i don't have a problem with people going to engineering school, business school, med school, law school, etc. i have a problem when people do it for the wrong reasons (i.e. when they're not really interested in the subject). i'll just add that our choosing of careers like this isn't necessarily based solely on money/jobs. there's another aspect of prestige, (falsely) perceived lifestyle, and longheld aspirations that draw us to these things. if i recall correctly reedo and mikey, you've both had your post-grad plans in mind for a long time. unless i'm mistaken on that, you're not the same person you were when you originally were making those plans. you can't expect the freshman, sophomore, or high schooler to really know what he wants to do with his life. at least for me, the knowledge i gained as an undergrad has taught me a lot about myself in this sense.

admittedly, i was somewhat privileged in the costs of my college education. i know that for those taking out loans it can be difficult to specialize in something you know will lead to prolonged debt compared to other choices. i won't get into them all, but i have many more opinions about problems of higher education in the u.s.... for this one i'll only say that complete reform of the funding/financial/tuition matters at american universities seems like something that really needs to be more actively approached.
post #73262 of 109054
Why isn't there an ignore button on the mobile site. ffffuuuu.gif
post #73263 of 109054
Originally Posted by Find Finn View Post

Why isn't there an ignore button on the mobile site. ffffuuuu.gif
And why isn't there a Subscribe to this Thread button, too?
post #73264 of 109054
Originally Posted by Nil View Post

Aye, I do. 46 at the bare minimum in sneakers.

jsyk saw a 46 in white cp lows on schwittenberg. And not sneakers but tbs has the creepers in a 46 too.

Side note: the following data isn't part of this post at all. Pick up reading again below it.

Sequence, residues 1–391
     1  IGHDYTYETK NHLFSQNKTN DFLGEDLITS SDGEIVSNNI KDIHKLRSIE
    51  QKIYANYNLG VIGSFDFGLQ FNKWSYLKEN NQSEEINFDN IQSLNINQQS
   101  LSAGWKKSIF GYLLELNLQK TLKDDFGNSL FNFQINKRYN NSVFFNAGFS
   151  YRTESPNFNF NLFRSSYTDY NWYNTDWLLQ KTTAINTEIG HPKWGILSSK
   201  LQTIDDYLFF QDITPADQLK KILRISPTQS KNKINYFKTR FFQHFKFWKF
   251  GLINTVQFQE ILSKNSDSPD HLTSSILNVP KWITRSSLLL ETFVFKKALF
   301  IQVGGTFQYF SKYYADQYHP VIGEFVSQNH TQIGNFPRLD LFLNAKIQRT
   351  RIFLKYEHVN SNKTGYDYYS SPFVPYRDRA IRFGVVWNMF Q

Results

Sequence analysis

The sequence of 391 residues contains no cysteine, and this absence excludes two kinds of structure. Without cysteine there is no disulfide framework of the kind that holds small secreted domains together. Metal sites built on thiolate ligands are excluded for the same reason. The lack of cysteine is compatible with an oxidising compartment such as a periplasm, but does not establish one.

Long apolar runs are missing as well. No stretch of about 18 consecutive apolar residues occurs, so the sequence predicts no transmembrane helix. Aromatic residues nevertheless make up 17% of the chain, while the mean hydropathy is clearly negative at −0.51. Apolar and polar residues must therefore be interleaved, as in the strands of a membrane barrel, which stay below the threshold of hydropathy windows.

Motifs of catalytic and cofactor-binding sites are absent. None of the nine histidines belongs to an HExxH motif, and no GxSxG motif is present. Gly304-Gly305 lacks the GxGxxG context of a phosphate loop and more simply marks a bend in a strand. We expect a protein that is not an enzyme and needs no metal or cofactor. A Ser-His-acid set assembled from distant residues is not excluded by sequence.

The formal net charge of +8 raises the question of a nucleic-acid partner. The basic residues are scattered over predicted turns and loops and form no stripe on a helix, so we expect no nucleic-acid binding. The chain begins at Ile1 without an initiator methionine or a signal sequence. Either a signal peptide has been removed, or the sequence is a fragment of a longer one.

post #73265 of 109054
For the people that say having / earning money doesn't make you happy, tell me that when you taste poverty

Im talking about growing up in front of a swamp, in between two potato farms and eating weetbix for dinner five nights a week
post #73266 of 109054
I think people are saying that there's a point where more money won't make you happy. There was an article somewhere about this a few month back where they found that happiness peaked at something like $70,000/year.
post #73267 of 109054
Originally Posted by Razele View Post

For the people that say having / earning money doesn't make you happy, tell me that when you taste poverty

Im talking about growing up in front of a swamp, in between two potato farms and eating weetbix for dinner five nights a week

There's a big difference between saying money isn't important and saying that sacrificing your happiness for more disposable income isn't worthwhile.
post #73268 of 109054
Having / earning money will make you happy if it makes you happy. Easy. Poverty has little to do with it. Lots of poor people who make money are still very unhappy.

This is coming from a first generation immigrant growing up with 5 people in a 1br apt for 5 years and a very low income trailer park up until high school. Try white rice and canned sardines for most of your meals too.